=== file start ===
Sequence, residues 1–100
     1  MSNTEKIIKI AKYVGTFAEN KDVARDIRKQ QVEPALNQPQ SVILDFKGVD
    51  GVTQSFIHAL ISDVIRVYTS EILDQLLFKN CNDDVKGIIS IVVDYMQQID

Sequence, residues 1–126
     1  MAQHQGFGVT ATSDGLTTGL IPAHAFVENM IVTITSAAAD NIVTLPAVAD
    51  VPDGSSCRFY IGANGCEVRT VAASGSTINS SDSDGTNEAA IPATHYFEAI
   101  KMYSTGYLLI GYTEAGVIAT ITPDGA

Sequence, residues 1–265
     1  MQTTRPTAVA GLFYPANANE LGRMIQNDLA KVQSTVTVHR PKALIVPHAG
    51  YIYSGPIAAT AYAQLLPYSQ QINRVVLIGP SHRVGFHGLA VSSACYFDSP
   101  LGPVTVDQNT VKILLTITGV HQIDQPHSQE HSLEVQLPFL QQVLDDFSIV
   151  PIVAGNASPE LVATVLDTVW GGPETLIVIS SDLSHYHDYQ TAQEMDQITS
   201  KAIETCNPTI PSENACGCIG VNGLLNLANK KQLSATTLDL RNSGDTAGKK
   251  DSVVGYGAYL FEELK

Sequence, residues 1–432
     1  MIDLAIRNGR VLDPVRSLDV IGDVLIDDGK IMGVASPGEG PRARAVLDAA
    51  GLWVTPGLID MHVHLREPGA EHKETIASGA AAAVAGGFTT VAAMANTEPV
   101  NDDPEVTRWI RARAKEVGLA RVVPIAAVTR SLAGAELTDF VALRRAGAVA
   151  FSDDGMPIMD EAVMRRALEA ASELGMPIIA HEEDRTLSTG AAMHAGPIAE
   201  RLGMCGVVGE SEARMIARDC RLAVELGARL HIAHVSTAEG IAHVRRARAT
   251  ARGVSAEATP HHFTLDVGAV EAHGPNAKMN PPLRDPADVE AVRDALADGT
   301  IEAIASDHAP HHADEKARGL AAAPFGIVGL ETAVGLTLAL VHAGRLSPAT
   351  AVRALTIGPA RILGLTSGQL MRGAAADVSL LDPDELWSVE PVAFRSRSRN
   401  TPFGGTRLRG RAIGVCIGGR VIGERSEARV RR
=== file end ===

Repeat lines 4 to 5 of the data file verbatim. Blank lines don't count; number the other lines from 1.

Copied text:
Sequence, residues 1–126
     1  MAQHQGFGVT ATSDGLTTGL IPAHAFVENM IVTITSAAAD NIVTLPAVAD